What about checking the correctness of an operation f that is part of a data abstraction t? There is a problem: the specification of f is in terms of the abstract type t, but the actual code is in terms of the concrete type for t. Also, the argument for correctness of f in general depends on the representation invariant for t, which doesn't show up in the spec. Our goal is to take the abstraction precondition and postcondition, the abstraction function AF, and the rep invariant RI, and derive a concrete precondition and postcondition PRE and POST that allow us to show the code is correct by proving PRE⇒vc(e, r, POST).

As a simple example, suppose we didn't have a boolean type in our language and we needed to implement it. Here is a potential signature:

signature BOOL = sig
  (* A boolean is either true (⊤) or false (⊥) *)
  type bool
  val true: bool
  val false: bool
  (* not(x) = ¬x *)
  val not: bool -> bool
  (* or(x,y) = x ∨ y *)
  val or: bool * bool -> bool
  (* and(x,y) = x ∧ y *)
  val and: bool * bool -> bool
  (* if_(b,x,y) = x if b is true, y otherwise
  val if_: bool * 'a * 'a -> 'a

Here's a slightly curious implementation using ints:

structure IntBool :> BOOL = struct
  type bool = int
  (* RI(x) is -10 ≤ x ≤ 10
     AF(x) is true (T) if x ≥ 0, false (⊥) if x < 0.
  val false = 0
  val true = 3
  fun not (x: bool) = 1 - x
  fun and (x:bool,y:bool) = if x > y then y else x
  fun or (x:bool,y:bool) = if x < y then x else y
  fun if (c:bool, e1:'a, e2:'a) =
    if c ≥ 0 then e1 else e2

Does this really work? Close, not quite. If we try to prove that this code is correct, we will find some bugs.

Recall that a data abstraction operation is correct if its implementation satisfies a commutation diagram:

Consider what we need to show to see whether and is implemented correctly. When the function is called, we get to assume that the rep invariant holds on the arguments: RI(x)∧RI(y), and also that the precondition of the function (in this, just ⊤) holds. Using this assumption, we need to show that the function obeys its spec. Calling the result of the function r, we need AF(r) = AF(x)∧AF(y). And we need to show that the rep invariant holds on the result: RI(r). So we are showing the correction of the function code with respect to a precondition PRE that is RI(x)∧RI(y), and a postcondition POST that is AF(r)=(AF(x)∧AF(y)) ∧ RI(r). Using the concrete precondition PRE and postcondition POST, the implementation is correct if PRE⇒vc(e, POST).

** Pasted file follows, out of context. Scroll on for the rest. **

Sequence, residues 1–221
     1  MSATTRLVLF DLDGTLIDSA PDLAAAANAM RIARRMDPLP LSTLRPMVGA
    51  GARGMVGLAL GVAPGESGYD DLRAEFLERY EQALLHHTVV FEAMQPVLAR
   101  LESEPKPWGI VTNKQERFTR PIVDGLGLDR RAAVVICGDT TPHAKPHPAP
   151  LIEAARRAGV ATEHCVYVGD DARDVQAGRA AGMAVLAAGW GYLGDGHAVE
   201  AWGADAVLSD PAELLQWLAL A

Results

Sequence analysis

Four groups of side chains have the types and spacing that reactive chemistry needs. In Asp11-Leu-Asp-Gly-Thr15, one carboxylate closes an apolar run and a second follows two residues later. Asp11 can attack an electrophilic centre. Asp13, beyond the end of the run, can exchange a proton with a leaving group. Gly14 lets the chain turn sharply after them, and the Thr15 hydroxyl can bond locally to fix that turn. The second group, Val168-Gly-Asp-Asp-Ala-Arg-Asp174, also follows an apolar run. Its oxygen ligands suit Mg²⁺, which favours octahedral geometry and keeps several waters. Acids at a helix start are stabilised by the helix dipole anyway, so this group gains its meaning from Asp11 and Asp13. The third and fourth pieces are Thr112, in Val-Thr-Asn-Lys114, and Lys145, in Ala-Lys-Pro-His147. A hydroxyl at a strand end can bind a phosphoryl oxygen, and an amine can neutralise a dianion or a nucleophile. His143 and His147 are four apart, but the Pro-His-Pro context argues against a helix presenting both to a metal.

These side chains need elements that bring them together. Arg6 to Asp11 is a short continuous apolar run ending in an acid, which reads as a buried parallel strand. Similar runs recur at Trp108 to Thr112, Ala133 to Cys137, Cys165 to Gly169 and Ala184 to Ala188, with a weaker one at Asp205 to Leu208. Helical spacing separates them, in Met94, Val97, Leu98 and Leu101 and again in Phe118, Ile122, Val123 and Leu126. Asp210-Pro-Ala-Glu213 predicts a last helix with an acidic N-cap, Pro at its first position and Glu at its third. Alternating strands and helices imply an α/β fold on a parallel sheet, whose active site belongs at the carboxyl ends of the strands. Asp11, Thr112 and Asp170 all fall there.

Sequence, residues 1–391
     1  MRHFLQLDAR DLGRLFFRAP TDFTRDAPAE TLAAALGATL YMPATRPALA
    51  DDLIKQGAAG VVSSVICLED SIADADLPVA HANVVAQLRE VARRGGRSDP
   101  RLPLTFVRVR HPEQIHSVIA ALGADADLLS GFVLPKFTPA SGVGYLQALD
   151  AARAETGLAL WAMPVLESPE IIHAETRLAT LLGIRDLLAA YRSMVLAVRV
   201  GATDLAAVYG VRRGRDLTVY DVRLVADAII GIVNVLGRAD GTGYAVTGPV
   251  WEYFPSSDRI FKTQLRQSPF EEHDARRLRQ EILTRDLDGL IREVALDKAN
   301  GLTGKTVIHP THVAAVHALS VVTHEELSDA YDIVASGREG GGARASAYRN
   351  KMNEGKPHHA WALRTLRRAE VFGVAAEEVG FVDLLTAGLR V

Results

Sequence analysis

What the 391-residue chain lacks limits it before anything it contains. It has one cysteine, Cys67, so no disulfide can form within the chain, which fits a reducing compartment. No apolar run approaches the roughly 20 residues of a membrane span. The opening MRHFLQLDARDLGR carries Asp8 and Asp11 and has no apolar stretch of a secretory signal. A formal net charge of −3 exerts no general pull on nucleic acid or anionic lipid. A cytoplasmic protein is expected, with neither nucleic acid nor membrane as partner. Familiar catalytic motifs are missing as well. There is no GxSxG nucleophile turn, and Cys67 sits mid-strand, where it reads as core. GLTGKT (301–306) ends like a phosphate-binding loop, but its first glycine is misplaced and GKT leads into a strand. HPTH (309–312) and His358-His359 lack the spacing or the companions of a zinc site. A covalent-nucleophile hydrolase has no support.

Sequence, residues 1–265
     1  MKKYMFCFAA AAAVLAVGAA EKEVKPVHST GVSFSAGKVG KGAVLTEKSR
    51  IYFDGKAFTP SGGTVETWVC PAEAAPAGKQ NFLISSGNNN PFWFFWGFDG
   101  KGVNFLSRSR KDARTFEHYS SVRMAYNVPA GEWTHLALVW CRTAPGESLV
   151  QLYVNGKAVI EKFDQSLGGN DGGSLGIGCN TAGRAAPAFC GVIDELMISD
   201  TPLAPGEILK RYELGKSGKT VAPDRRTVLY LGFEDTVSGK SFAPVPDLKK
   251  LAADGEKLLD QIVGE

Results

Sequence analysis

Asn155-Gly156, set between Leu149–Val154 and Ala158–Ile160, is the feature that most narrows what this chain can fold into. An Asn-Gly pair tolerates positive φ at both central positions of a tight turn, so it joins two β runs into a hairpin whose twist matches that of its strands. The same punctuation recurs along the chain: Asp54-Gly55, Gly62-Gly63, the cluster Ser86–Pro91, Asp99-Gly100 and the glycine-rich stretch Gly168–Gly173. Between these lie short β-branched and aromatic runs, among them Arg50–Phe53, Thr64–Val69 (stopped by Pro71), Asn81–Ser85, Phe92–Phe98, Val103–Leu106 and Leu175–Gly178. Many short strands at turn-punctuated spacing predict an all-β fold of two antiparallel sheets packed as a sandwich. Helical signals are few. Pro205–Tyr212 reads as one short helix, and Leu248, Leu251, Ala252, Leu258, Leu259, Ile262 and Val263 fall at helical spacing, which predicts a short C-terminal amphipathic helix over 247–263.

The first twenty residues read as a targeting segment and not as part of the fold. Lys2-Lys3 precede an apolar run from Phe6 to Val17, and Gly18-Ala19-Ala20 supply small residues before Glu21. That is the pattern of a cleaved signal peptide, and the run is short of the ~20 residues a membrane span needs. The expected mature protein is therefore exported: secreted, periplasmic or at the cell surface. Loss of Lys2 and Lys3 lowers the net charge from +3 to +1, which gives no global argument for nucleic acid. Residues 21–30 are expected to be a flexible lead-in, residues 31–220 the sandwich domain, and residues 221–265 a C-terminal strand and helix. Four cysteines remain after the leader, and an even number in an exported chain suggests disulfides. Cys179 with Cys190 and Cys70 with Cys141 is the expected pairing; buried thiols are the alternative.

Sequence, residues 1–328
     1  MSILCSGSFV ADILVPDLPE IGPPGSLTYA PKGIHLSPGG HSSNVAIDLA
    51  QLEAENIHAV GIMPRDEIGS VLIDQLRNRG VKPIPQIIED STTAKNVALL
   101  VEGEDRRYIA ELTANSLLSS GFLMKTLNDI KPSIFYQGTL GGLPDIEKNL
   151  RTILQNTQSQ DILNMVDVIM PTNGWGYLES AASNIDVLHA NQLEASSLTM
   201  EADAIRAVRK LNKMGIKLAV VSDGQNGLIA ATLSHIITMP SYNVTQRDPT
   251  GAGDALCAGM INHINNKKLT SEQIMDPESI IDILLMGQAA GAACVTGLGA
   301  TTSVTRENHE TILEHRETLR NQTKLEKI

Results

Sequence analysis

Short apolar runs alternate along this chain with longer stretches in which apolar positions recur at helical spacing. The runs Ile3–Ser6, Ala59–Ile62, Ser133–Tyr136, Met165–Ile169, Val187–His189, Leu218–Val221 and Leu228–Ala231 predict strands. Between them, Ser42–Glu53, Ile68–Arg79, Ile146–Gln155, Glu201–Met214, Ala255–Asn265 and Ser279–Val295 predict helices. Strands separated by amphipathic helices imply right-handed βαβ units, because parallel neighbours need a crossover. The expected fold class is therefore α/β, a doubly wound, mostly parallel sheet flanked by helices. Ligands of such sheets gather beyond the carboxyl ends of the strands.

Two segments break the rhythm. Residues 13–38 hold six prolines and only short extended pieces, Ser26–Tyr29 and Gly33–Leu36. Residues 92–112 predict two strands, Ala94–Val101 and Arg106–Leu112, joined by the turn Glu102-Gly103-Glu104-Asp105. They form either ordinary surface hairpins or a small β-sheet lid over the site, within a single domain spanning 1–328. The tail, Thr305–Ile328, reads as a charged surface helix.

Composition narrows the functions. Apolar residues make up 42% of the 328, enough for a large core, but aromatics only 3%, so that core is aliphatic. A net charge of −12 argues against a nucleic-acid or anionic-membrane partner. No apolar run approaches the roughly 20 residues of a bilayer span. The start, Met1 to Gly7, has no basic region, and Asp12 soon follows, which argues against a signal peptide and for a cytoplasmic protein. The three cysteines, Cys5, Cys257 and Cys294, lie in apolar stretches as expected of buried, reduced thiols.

We can derive concrete preconditions and postconditions mechanically from the specification of the function. In general, for a function f, we construct them by mapping specification variables through the abstraction function, and adding the rep invariant to both sides:

PRE=pre(f){AF(arg(f))/arg(f)} ∧ RI(arg)
POST=post{f}{AF(arg(f))/arg(f), AF(result(f))/result(f)} ∧ RI(result(f))

Example: and

Let's try this out on the Bool structure, and look at just the operations and and not. We'll reason a bit informally about the code, but the reasoning steps we take exactly correspond to what we'd see if we constructed a formal proof of the formula PRE⇒vc(e, POST).

A typical way to construct a good informal argument is to think about the possible evaluations. The body of and is an if, which can either go to the then clause or to the else clause. Let's consider each possibility.

Example: not

Let's try also verifying not. PRE is -10≤x≤10, and POST is -10≤r≤10 ∧ AF(r) = ¬AF(x). The code computes r as 1-x. So the code is correct if the following formula is true: -10≤x≤10 ⇒ -10≤1-x≤10 ∧ (1-x ≥ 0 ⇔ x < 0). Unfortunately neither of the conjuncts on the right-hand side is implied by the left-hand side. If x = -10, then 1-x = 11, and the left conjunct (-10≤1-x≤10) fails. If x is 1 or 0, then the right conjunct (1-x ≥ 0 ⇔ x < 0) fails. We can fix the implementation by changing the abstraction function and rep invariant as follows:

  (* RI(x) is -9 ≤ x ≤ 10
     AF(x) is true (T) if x > 0, false (⊥) if x ≤ 0.

The implementation of if also needs to be fixed to match the new abstraction function:

  fun if (c:bool, e1:'a, e2:'a) =
    if c > 0 then e1 else e2

This example shows that by carefully (yet informally) reasoning about code using the abstraction function and rep invariant, we can catch subtle bugs. The key is to use the AF and RI to convert the function specification into a concrete specification that we can then use to argue that the implementation works.

We could have done the same example more formally using natural deduction, and the same key reasoning steps would have shown up. Doing a formal proof is usually not worth it, but it's useful to understand how the informal arguments we should be doing when writing code map down to a more precise formal system. Good programmers do reasoning equivalent to that above when they write code, sometimes without realizing it!